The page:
Cynthia (film)

Cynthia is a 1947 American comedy-drama film starring Mary Astor, Elizabeth Taylor, and George Murphy. The film is based on the 1945 play The Rich, Full Life by Viña Delmar and was adapted by screenwriters Harold Buchman and Charles Kaufman.[2]

Cynthia (1947 film).jpg
Cynthia poster
Directed byRobert Z. Leonard
Written byHarold Buchman
Charles Kaufman
Buster Keaton
Based onThe Rich, Full Life
by Viña Delmar
Produced byEdwin H. Knopf
StarringElizabeth Taylor
Mary Astor
George Murphy
CinematographyCharles Edgar Schoenbaum
Edited byIrvine "Cotton" Warburton
Music byBronislau Kaper
Distributed byMetro-Goldwyn-Mayer
Release date
  • August 29, 1947 (1947-08-29)
Running time
98 minutes
CountryUnited States
Box office$1,648,000[1]


In school, baseball hero Larry Bishop (George Murphy) impresses a girl, Louise (Mary Astor), and they fall in love. Both coincidentally have dreams of traveling to Vienna, Austria someday to continue their education, Larry in medicine, Louise in music.

While still in college, Louise and Larry marry, Louise becomes pregnant, and they move to Larry’s hometown in Illinois, a small town called Napoleon. He takes a job in Dingle's hardware store and they raise their daughter, Cynthia (Elizabeth Taylor), who has chronic health problems and is quite frail. Fifteen years later, the Bishops are having trouble making ends meet, Larry can't afford to buy the home that they rent, and they no longer have any illusions about the adventurous lives they intended to lead.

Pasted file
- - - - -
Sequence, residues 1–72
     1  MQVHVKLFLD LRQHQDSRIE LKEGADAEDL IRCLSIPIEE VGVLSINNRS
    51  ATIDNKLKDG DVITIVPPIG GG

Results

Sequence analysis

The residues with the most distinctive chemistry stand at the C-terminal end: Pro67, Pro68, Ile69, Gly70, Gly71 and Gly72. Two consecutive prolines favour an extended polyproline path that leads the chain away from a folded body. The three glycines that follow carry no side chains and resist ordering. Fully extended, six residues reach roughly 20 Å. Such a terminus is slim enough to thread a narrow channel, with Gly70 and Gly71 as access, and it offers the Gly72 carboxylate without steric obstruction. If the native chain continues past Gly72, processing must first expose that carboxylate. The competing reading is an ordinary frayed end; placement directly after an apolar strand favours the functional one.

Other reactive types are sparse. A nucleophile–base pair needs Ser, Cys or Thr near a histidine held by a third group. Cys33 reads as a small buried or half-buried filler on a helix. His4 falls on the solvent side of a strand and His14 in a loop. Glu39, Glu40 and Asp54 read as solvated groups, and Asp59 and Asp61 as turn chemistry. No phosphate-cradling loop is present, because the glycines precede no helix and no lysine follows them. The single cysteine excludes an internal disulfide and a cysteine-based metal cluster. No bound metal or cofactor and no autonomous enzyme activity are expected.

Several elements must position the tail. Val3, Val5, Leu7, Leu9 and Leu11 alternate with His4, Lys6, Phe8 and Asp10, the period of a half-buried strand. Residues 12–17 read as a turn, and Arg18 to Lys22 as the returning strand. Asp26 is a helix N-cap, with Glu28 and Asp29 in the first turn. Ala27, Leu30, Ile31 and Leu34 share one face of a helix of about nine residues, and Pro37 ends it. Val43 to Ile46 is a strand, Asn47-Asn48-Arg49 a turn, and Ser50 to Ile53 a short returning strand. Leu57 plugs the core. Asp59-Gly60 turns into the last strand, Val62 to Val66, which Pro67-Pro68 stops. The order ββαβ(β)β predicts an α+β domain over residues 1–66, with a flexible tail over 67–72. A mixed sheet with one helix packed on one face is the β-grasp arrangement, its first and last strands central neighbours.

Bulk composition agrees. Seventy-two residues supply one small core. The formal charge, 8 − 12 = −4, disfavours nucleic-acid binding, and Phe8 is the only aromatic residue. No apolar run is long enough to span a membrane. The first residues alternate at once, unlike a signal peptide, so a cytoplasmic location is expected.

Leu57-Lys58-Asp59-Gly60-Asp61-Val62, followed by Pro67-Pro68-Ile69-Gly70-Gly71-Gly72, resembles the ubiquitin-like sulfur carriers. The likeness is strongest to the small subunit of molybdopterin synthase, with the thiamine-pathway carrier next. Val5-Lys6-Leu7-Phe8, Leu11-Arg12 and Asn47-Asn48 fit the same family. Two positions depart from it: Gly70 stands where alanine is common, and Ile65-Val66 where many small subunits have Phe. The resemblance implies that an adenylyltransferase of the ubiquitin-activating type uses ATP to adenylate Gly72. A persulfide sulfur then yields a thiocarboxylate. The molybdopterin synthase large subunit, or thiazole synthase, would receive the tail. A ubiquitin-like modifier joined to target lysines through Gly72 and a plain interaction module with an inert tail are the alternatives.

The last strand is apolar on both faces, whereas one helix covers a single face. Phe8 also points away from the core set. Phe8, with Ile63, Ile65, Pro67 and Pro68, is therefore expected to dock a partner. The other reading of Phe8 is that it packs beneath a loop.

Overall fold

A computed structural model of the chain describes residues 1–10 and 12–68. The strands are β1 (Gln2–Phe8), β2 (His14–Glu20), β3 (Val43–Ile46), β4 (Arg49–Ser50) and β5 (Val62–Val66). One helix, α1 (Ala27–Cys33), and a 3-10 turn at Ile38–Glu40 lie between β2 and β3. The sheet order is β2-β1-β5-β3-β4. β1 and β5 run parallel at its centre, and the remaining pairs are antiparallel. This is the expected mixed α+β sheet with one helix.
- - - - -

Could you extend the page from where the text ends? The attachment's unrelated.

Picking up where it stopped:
Dr. Fred Jannings (Gene Lockhart), Larry’s brother-in-law, has been the family's physician since Cynthia's birth, and he strongly recommends against her doing any strenuous activities. Louise ignores this advice and lets Cynthia take a role in the school musical, but her health fails, causing Larry to be upset with his wife.

Cynthia falls for a classmate, Ricky Latham (James Lydon), in the meantime. Louise encourages them to go together to the school prom - Cynthia's first ever date, over her husband's objections. But as the bills and worries mount, Larry loses his patience and his job one day after his boss, J.M. Dingle (Harlan Briggs), objects to his coming late to work. After returning home, Larry tells Louise that they can now leave Napoleon and go to Chicago. But Louise has decided to use her money to buy the house, and Cynthia no longer wants to go either, because she is now going steady with Ricky. In the end, the family unites to embrace the future, satisfied when Larry's boss comes back, hat in hand, asking him to return to his job.



According to MGM records, the film earned $1,206,000 in the U.S. and Canada and $442,00 in other markets, resulting in a loss of $280,000.[1]


  1. ^ a b c The Eddie Mannix Ledger, Los Angeles: Margaret Herrick Library, Center for Motion Picture Study.
  2. ^ Article on film at Turner Classic Movies accessed 8 Jan 2014

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